Transparency of Monetary Policy and Division of Roles between Governments and Central Banks
Consulting Fellow, RIETI
Clear Policy Objectives as the Essence of Transparency in Monetary Policy
Clarity in central bank policy objectives is an essential condition for ensuring the transparency of monetary policy. Most of the recent criticism directed to the Bank of Japan (BOJ) boils down to underlying discontent with the lack of clarity regarding its policy objectives. Central banks in developed countries usually attempt to ensure high transparency in their monetary policy by presenting straightforward and sometimes measurable policy objectives, and explain their management stances mainly in the context of such objectives. Inflation targeting is an extreme case whereby committing to achieve a specific level of inflation rate, the central bank explains its monetary policy operations almost solely from the standpoint of achieving such inflation targets. This greatly helps the market participants to understand the central bank's policy stance and also to forecast its future policies.
Article 2 of the Bank of Japan Law stipulates that the BOJ's monetary policy must be "aimed at, through the pursuit of price stability, contributing to the sound development of the national economy." On the other hand, the Japanese government's Basic Policies for Economic and Fiscal Management and Structural Reform 2007 states that the government and the BOJ are to share the perspectives of macroeconomic policy such as: 1) realization of private sector-led growth, 2) realization of price stability, 3) policy operation that is consistent with medium-term goals, 4) improving transparency and responsibility. However, these statements are fairly qualitative and do not provide market participants with useful information for understanding the BOJ's modus operandi.
In order to increase the transparency of monetary policy, the BOJ indicated in March 2006, a consumer price index (CPI) inflation rate of 0%-2% (with a median value of 1%) as the level of inflation that each monetary policy board member understands as the "medium- to long-term price stability." However, the nature of these numeric values is quite elusive as they are neither intended to be the BOJ's policy objective nor its definition of price stability, like the one presented by the European Central Bank. Accordingly, these numbers have not been treated as an important factor in determining monetary policy in the BOJ's monthly monetary policy meetings. In practice, the BOJ's monetary policy board bases decisions on its so-called two pillars - comprehensive evaluation of price and economic conditions, and examination of risk factors that may affect these conditions. However, the board's reasoning based on such evaluation is fairly qualitative, and not sufficiently understood by market participants.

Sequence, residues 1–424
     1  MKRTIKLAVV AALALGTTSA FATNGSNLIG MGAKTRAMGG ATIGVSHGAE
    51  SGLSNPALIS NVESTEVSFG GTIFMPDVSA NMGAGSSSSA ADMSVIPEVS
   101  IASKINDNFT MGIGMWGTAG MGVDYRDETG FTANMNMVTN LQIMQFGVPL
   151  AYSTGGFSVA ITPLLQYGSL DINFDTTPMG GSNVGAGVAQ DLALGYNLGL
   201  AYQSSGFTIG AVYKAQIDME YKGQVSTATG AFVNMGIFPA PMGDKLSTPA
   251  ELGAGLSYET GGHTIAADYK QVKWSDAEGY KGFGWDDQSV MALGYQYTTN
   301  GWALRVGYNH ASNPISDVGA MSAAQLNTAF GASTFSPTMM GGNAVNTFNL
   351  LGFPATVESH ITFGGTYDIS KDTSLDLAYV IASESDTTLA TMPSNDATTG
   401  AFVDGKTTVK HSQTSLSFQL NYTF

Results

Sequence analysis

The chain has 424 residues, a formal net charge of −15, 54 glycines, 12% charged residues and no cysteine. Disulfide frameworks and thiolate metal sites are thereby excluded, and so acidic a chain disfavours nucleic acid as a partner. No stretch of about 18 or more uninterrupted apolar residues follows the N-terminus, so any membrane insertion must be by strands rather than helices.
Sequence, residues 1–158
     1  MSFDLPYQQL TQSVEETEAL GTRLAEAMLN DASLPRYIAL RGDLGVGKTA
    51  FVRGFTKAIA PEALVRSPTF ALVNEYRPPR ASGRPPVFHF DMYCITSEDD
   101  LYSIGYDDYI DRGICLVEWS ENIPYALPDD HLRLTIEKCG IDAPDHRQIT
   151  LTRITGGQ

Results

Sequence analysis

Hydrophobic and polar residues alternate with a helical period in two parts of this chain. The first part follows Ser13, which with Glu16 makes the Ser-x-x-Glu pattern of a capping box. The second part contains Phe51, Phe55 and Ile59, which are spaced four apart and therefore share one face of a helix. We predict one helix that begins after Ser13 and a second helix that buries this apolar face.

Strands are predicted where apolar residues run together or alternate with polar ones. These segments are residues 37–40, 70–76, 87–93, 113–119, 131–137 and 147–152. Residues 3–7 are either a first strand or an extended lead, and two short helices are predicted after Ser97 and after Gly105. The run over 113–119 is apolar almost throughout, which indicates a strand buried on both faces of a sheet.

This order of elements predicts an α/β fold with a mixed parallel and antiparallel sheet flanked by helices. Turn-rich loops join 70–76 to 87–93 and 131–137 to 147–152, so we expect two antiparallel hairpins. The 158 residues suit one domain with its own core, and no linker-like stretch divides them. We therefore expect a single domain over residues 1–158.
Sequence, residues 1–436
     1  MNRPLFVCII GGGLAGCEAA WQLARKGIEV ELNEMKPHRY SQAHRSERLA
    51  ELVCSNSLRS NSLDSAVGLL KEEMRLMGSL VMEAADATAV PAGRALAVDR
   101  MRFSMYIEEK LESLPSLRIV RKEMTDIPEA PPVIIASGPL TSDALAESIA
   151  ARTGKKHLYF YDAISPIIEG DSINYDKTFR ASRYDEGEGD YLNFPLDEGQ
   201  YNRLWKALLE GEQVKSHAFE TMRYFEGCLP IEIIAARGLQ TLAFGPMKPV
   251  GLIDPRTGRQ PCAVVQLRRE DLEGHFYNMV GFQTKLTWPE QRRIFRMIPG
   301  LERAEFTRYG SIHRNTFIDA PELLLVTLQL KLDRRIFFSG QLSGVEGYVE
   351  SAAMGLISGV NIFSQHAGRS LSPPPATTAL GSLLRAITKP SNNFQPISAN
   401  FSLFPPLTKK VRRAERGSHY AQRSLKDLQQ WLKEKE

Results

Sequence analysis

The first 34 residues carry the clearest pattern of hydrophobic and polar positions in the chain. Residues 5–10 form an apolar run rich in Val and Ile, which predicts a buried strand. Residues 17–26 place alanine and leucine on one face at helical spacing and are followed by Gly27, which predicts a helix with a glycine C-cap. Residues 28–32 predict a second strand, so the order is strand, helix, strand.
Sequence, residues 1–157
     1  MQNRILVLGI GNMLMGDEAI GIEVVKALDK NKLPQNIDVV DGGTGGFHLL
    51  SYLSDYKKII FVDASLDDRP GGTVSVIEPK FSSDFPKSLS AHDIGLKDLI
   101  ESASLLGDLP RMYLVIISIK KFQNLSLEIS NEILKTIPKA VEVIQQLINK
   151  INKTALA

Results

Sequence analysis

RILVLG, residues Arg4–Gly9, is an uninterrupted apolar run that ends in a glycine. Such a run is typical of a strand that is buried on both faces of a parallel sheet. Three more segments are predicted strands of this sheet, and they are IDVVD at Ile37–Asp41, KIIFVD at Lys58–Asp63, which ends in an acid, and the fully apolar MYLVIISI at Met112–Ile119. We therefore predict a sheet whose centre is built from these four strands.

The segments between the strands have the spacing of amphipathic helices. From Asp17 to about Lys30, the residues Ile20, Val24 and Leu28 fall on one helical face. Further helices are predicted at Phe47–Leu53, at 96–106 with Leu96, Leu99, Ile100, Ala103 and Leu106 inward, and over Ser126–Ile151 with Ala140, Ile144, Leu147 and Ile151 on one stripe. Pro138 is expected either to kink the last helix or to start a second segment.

Policy Objectives and Mandates of Central Banks
Whether or not the BOJ should introduce some form of inflation target remains highly debatable. Central banks are assigned policy goals in different ways. In the United Kingdom, known for having one of the most explicit inflation targeting regimes, the Chancellor of the Exchequer, in his Remit Letter to the governor of the Bank of England (BOE), explicitly sets a target inflation rate that must be realized by the central bank. Furthermore, the priorities of monetary policy objectives are clearly established in the same Remit Letter; the BOE must first achieve price stability, only then should it be cooperating with the government in achieving other goals such as maximizing employment. Therefore, the BOE's pursuit of the target inflation rate as its primary policy objective is totally consistent with what the UK government expects of monetary policy. In contrast, the Federal Reserve Board (FRB) is to pursue "full employment and stable prices," which are referred to as a "dual mandate" with no order of priority between full employment and price stability. In the real world, the FRB is always facing the potential risk of being criticized by the U.S. Congress if it prioritizes price stability over economic performance and employment. It therefore has to seek a delicate balance in order to prevent political intervention. This is probably one of the reasons why the FRB has not yet introduced an explicit statement about its thinking regarding a desirable inflation rate.